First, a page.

FIG 2.: The link between the components of universal health coverage (centre) with respectful maternity care


In India, in the year 2018, the Ayushman Bharat Scheme was launched.7 It is also known as the National Health Protection Scheme or the Pradhan Mantri Jan Arogya Yojna. The goal of this scheme is to provide the highest level of health to all, at all ages. For the successful implementation of this scheme, the Government of India has decided to upgrade the existing healthcare services as well as establish health and wellness centres all over the country. The conceptualization behind the development of the scheme was to deliver primary healthcare services and to provide health insurance.8 The scheme also mentions priority given to women and girls, cashless treatment to all beneficiaries, no financial hardships and non-denial of treatment by hospitals. However, the focus on quality in this scheme is limited. Ensuring cashless treatment and health services for all, does not guarantee quality and respectful care. This also does not guarantee that women will not have to face the brunt of informal payments or hospital detention if they refuse informal payments such as tips or extra money for services. Women like before, may continue to face abuse, disrespect and ill treatment in lieu of the free services provided. Promotive, preventive, rehabilitative and curative services are mentioned in UHC, but the assurance of provision of services by skilled staff, continuum of care and regulations on abandonment and threats are still lacking. The different types of services provided under Ayushman Bharat and the cash incentives might increase the workload of the health facilities, where again, quality and rights may be compromised.9 UHC is for all people and communities, and therefore discrimination and autonomy of women in this scheme needs to be addressed. Another challenge of the scheme is to strengthen the existing healthcare infrastructure that will help in delivering quality care. Mechanisms for reporting problems faced by the recipients are lacking. Therefore, in spite of the scheme mentioning maternal services, special emphasis on the components of RMC including physical and verbal abuse, non-dignified, non-consented care, forced procedures, lack of privacy and confidentiality, discrimination, abandonment, threats and detention are lacking. Few concerns of RMC are just touched upon in the scheme, and a ‘rights-based’ approach including quality of care and services provided, still needs to be addressed. RMC rights can be safeguarded in the UHC agenda provided the focus is on the quality of care delivered.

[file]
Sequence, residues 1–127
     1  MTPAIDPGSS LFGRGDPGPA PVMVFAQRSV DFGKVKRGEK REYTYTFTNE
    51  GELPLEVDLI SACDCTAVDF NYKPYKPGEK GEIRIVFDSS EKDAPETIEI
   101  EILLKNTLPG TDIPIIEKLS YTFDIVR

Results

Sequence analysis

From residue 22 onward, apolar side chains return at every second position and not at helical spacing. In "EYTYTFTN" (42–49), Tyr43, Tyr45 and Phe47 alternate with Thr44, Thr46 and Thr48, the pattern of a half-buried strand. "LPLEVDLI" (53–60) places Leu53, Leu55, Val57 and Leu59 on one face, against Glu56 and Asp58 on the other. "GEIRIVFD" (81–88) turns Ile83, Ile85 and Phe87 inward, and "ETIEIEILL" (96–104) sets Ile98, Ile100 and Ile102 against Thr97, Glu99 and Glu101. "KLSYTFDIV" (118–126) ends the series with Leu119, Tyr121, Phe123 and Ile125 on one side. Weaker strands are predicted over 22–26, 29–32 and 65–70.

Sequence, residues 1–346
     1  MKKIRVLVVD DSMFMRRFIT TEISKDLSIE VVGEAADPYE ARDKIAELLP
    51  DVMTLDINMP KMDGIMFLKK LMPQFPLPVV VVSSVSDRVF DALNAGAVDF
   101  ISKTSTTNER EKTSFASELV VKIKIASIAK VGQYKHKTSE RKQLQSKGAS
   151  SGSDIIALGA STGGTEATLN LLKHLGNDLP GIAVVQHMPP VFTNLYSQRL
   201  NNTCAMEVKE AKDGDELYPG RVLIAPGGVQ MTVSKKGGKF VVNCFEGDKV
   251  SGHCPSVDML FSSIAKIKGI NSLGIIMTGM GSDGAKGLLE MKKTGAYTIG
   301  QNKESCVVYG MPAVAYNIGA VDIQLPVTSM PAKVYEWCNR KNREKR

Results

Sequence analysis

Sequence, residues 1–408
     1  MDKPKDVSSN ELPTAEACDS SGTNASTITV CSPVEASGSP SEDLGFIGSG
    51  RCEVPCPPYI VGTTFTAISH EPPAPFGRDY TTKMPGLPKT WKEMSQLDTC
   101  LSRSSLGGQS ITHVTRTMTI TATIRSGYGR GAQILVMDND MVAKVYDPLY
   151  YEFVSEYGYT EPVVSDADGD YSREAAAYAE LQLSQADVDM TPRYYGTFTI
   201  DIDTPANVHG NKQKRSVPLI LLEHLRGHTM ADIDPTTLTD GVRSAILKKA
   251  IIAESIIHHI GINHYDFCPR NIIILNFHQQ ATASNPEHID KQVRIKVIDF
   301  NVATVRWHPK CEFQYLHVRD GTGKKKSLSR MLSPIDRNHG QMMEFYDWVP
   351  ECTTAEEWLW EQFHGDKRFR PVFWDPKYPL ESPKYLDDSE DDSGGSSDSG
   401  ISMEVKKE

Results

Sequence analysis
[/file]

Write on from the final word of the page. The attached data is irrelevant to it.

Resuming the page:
Future research should focus on RMC among the beneficiaries of the scheme. This will help in identifying the problems faced by the beneficiaries of the scheme and accordingly, interventions may be planned, and policy and programmes may be implemented.


Data with respect to UHC and RMC are lacking, suggesting the need for collecting data globally as well as in India. While planning for UHC, the importance of RMC should be considered. Integration of RMC within the context of UHC is essential.


Funding support from the Department of Science and Technology, Government of India, for INSPIRE Fellowship to Dr Humaira Ansari is gratefully acknowledged.

Conflicts of interest

None declared